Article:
When getting ready to sell your home, there is a considerable amount of work to be done to get both yourself and your property ready. The process is not overly complex, but can seem a little daunting, especially if you haven't sold a property for quite some time. To help you prepare, here are the answers to some of the mot common questions we get asked as an estate agency.
How do I get started? – a good place to start is to read our 8-step guide to selling a property. You can also pop in to see us and have a coffee and chat about what’s involved in the process.
Should I use an agent – some people choose to try to sell their property themselves, however over 99% of residential properties in England and Wales and sold using an agent. There are lots of good reasons why using an agent makes sense.
How much does it cost – at Aspire Residential, we have three tiers of pricing to allow you to choose the level of services that you wish us to perform. Please contact us for further information.
When is the best time of year to sell? - like many things in life, the answer is “it depends”! Not very helpful – right? The reality is that most people don’t have the luxury of being able to pick an exact month they can sell. Other factors such as a need for more space, a change of job or change in personal circumstances tend to dictate when we sell our homes as opposed to a particular season. Our key piece of advice is that you should not feel pressurised or rushed into selling just because it’s a certain time of year. That said, if you do have the luxury of determining when to sell, then the data suggests there are some peak periods for property transactions – normally in the spring and the autumn.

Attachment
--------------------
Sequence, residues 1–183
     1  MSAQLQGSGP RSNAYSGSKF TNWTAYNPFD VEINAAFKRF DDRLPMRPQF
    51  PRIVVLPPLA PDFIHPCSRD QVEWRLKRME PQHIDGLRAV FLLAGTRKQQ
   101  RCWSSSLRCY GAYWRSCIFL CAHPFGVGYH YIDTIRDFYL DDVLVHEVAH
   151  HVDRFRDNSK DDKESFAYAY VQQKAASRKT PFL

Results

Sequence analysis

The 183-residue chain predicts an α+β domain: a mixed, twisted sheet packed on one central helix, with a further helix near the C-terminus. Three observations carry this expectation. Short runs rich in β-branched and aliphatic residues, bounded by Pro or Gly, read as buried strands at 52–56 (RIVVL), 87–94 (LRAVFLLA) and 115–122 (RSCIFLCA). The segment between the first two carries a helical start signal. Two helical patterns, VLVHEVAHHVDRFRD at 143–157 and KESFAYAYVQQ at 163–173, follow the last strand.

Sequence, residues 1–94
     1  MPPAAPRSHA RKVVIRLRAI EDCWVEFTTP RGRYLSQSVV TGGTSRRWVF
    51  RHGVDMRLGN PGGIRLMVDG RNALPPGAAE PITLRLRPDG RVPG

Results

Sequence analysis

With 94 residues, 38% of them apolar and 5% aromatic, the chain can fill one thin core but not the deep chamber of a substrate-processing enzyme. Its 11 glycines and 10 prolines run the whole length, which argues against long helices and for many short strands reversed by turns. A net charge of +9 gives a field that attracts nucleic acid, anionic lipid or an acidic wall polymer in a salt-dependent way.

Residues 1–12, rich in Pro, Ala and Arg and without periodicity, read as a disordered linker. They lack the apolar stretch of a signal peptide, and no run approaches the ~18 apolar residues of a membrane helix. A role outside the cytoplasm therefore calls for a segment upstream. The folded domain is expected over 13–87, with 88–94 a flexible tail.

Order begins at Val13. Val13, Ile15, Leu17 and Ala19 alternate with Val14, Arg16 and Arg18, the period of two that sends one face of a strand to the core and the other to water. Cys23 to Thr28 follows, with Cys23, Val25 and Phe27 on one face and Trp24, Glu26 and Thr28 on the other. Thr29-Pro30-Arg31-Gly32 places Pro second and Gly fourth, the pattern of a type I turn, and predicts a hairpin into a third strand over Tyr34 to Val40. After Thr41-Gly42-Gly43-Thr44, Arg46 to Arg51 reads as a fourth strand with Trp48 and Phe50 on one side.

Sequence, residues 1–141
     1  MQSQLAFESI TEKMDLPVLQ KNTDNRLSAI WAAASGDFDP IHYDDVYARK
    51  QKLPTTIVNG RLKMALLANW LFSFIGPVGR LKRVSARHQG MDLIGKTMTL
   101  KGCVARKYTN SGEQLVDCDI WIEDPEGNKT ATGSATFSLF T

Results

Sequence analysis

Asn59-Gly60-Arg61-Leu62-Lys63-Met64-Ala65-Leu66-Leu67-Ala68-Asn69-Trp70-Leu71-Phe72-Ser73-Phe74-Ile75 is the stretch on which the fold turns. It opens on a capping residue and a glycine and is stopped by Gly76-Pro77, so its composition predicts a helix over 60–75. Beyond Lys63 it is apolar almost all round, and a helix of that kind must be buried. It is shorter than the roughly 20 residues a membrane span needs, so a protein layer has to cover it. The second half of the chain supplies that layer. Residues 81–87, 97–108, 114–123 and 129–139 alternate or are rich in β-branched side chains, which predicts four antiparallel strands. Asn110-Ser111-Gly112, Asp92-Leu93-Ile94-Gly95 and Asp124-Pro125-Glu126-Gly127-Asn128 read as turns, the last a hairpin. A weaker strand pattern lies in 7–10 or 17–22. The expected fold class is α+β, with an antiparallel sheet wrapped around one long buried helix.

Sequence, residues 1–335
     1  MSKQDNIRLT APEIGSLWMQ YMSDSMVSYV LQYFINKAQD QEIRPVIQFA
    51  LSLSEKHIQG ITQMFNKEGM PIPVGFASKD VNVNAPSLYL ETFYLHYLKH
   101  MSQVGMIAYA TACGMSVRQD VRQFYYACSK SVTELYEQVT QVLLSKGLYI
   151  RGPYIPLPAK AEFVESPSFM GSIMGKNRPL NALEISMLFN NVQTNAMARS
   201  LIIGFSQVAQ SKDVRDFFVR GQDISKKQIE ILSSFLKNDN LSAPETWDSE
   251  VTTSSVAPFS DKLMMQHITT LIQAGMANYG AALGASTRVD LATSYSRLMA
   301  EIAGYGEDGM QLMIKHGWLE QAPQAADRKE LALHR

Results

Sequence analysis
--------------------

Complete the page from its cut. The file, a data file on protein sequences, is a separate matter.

Will I have to sign an agency agreement? – yes, when you engage us to sell your property we will ask you to sign an agreement to reflect the terms and conditions under which we will act for you. There a several different kinds of agency agreement. We will take the time to explain all aspects of each agreement to you.
There is a log of jargon involved, what does it all mean – we agree there is a lot of “property speak” involved in buying, selling and letting out property. Please refer to our “jargon busting” blog where we explain some of the terms you are likely to encounter when selling your property.
Do I need a “for sale” board – you don’t have to have a board and indeed, in some instances (such as leasehold flats) we might not be allowed to erect a board. However, our general advice is that, where allowed, you should put up a board. While most sales and viewings originate from on-line searches, you would be surprised at the number of enquiries that we still receive from people driving past properties and seeing for sale boards.